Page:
The question is; where to begin? In my opinion, this game fails everywhere in being a Final Fantasy game, and came across as nothing more than being an underwhelming JRPG, and here’s why;

The Characters

In all honesty, I have never disliked a main character in a Final Fantasy game as much as Lightning. Even when in games like Final Fantasy VIII where Squall’s brooding nature could bring you to the point of switching off, the supporting cast could offer some redemption in their differing personalities. VII had Barret, Aerith (for a while at least), Tifa and others, IX’s cast was predominantly likeable, X had Wakka and Auron, and so forth. Final Fantasy XIII had five annoying bastards, and one slightly redeemable character in Fang, who out of all the cast was clearly the most fleshed out, and it’s a shame she wasn’t the lead and had to be accompanied by such one-dimensional personalities. The rest of the cast fell into the remit of stereotypical anime characters; Lightning – the conflicted warrior bound by duty, Snow – the self-proclaimed hero who rallys the troops at their most dire of moments all the while trying to rescue his lost love, Hope – the confused, angsty teen searching for purpose, Sazh – the elder of the bunch looking out for his son, and Vanille… do not get me started on Vanille… the perpetually cheerful, endlessly optimistic cute one of the bunch who never fails to irritate.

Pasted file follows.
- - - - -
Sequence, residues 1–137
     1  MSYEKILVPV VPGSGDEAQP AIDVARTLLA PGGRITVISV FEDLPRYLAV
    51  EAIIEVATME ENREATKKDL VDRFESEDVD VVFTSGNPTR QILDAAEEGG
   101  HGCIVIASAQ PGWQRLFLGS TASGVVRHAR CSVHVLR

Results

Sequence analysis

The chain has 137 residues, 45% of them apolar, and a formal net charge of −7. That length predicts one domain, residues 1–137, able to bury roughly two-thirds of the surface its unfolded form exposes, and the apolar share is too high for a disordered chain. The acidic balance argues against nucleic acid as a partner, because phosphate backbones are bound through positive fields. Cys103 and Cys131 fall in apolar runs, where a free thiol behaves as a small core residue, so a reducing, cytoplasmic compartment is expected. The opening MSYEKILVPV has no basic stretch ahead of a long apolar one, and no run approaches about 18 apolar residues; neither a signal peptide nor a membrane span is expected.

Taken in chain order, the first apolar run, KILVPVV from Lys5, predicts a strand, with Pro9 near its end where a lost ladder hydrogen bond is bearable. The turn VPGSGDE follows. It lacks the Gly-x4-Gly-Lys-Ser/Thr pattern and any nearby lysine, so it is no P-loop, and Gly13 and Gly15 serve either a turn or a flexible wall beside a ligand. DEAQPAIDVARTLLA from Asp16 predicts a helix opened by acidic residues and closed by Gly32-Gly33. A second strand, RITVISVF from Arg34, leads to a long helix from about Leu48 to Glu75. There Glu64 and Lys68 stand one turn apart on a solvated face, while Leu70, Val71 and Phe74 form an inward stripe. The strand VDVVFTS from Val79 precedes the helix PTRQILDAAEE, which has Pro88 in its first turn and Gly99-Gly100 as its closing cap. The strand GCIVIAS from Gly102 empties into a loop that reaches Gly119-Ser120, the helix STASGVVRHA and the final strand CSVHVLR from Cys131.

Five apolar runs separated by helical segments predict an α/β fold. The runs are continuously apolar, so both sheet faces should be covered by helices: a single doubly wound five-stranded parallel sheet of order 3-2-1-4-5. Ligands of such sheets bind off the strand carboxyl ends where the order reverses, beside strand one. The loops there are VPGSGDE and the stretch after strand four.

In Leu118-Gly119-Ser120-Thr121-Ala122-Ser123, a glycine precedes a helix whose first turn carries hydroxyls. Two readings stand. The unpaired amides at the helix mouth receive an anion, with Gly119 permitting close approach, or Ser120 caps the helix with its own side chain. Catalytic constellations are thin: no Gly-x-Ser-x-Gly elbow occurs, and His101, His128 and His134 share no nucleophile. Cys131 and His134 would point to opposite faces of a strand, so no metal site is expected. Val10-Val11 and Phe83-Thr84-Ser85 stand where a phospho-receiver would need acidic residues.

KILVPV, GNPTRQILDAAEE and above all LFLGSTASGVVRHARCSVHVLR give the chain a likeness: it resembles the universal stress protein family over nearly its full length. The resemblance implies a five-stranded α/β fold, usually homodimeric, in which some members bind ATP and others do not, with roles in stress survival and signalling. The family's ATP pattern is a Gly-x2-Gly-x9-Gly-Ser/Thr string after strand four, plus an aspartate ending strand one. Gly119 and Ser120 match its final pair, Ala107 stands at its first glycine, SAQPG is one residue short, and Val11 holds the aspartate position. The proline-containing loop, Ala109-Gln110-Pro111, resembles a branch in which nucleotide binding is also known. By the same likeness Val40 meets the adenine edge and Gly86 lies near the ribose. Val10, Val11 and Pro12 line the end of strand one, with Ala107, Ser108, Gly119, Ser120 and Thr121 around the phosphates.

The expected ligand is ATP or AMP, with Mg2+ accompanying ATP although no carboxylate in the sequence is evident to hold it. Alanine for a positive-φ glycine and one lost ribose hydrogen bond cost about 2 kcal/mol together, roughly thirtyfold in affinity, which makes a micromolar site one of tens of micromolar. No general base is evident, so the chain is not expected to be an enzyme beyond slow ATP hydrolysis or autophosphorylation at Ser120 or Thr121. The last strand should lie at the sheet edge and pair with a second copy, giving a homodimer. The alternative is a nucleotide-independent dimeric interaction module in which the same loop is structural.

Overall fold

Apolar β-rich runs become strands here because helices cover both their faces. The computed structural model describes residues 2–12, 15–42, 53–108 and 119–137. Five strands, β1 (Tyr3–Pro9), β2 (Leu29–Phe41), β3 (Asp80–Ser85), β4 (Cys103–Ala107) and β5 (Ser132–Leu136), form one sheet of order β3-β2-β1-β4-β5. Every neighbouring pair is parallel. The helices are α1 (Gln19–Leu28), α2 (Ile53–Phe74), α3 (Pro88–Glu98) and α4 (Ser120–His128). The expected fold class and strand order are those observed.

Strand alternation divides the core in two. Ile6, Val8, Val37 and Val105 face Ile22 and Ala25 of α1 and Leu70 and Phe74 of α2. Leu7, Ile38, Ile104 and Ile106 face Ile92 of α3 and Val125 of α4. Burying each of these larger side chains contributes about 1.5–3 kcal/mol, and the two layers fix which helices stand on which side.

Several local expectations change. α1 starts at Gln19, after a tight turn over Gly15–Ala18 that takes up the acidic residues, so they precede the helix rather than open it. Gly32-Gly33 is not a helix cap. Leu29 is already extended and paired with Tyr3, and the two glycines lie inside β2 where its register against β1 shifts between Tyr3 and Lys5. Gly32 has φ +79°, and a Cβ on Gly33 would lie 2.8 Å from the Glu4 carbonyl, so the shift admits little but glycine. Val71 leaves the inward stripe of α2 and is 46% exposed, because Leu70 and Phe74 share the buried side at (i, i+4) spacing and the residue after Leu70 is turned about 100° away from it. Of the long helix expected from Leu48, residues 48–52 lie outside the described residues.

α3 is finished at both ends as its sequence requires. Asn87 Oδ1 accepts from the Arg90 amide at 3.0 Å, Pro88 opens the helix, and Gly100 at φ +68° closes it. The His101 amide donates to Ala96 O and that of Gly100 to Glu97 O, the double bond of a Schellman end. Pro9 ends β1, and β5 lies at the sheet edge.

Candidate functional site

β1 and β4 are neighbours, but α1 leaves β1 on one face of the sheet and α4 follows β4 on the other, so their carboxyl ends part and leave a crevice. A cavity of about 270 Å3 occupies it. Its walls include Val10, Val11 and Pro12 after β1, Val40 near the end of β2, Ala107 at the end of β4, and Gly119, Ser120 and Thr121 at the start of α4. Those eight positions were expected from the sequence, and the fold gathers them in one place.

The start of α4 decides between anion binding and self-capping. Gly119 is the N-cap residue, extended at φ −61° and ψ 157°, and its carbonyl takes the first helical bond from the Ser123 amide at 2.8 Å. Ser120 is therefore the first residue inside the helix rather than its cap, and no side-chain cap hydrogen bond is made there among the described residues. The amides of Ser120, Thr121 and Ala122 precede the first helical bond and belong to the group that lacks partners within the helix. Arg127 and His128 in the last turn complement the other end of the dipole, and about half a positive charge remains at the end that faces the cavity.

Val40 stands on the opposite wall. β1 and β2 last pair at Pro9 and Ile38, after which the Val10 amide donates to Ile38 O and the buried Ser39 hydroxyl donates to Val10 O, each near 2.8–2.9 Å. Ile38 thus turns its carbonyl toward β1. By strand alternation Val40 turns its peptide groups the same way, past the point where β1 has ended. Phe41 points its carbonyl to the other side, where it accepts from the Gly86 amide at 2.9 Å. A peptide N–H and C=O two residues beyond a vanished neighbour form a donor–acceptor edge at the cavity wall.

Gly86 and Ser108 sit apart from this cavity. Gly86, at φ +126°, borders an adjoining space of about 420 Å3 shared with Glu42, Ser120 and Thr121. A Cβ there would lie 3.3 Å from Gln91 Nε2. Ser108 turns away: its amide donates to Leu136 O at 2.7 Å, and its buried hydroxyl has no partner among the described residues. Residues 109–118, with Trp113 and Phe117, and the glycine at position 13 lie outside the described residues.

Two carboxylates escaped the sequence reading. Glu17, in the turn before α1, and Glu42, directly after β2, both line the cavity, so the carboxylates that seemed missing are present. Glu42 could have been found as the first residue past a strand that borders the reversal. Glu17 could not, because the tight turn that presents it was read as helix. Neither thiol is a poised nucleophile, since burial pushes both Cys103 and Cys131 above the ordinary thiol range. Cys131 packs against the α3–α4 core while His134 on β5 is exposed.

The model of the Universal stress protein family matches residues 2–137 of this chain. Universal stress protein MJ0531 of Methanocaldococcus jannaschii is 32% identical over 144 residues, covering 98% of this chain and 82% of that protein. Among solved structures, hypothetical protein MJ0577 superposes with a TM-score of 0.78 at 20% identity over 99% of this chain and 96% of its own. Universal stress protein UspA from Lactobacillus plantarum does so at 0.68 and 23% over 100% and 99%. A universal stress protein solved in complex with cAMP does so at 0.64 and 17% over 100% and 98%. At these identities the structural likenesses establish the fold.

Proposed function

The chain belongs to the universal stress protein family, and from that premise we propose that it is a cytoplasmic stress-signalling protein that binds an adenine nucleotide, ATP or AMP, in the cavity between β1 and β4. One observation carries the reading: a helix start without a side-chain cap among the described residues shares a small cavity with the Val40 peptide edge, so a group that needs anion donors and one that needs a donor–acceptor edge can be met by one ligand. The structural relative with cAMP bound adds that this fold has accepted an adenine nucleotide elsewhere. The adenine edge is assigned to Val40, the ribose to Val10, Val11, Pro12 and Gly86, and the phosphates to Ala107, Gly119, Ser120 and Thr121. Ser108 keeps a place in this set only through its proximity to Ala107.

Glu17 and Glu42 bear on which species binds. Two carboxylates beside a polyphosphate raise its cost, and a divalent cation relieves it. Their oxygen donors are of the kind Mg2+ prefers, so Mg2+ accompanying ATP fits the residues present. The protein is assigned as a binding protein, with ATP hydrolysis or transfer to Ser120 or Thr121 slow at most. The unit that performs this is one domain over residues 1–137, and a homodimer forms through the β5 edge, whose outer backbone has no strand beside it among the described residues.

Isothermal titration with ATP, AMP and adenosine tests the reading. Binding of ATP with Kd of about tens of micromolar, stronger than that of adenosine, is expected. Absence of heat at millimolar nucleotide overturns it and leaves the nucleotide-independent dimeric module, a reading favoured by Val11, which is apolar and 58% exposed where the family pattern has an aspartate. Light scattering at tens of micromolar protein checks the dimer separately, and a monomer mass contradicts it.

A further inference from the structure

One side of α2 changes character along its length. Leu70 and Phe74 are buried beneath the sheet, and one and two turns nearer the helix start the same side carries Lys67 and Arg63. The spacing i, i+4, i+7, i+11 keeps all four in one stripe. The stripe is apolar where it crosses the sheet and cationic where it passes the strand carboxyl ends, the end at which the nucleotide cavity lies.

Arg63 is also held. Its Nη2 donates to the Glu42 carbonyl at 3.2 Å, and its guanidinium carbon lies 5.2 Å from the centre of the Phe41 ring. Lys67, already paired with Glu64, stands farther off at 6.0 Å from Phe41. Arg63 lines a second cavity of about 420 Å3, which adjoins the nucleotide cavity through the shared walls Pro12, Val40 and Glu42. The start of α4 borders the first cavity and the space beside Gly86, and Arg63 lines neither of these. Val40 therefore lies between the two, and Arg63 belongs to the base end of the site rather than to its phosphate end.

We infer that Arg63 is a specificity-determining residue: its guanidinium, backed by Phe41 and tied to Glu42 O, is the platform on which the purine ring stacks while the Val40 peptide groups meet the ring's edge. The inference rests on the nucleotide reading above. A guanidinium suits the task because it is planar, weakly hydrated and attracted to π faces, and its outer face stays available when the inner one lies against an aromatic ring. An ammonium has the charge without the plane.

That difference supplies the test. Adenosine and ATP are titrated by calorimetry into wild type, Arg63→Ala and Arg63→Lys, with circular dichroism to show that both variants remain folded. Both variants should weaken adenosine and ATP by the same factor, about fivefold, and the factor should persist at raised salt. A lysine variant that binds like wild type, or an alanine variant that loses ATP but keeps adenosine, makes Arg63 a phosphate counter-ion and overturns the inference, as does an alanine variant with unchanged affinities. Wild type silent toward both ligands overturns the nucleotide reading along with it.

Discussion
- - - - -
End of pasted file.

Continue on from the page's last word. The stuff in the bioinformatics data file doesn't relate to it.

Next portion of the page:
It’s not enough that these characters are annoying beyond belief, but their voice actors are equally so (apart from Fang, but Vanille especially). You can’t get through one of the many cutscenes without them bellowing out some annoying gasp, grunt or scream that stands out like a fart in church, but worst of all is that they’re so laughably predictable in their actions; Lightning will be stern as ever, Sazh will make some unfunny sarcastic remark, Vanille will be cheerful, and Snow will build their hopes up again; repeat ad nauseum. Despite Fang being so likeable, it’s hard to look past the presence of these characters. Imagine if on The Office, Steve Carrell was surrounded with the douchebags from The Hills; you’d be waiting around for him to get some screentime, whilst these boring, unlikable stereotypes had their say. It would be intolerable.

Never have so few, pissed me off so much, so quickly.

The Story

Let me be blunt here; the storyline in Final Fantasy XIII is so unbelievably boring. It’s a clichéd tale of the “Chosen few” selected to determine the fate of the world, which has been told a hundred times before in a hundred more interesting ways.

The antagonists have been seen a hundred times before in uninspired games and Hollywood blockbusters. Of all the Final Fantasy games I’ve played, this had the worst ending, and I couldn’t care less what was to become of the characters or the world around them. What’s worse is that they had a staff of writers working four years on this story, and if this is the best they could come up with, they should not be working in the creative industry. I wrote a book in one year and I can say without any ego that there’s more depth in it than Final Fantasy XIII. Yes, it’s a different medium, but that was my first attempt, whereas these people have been doing this for years and get paid for it.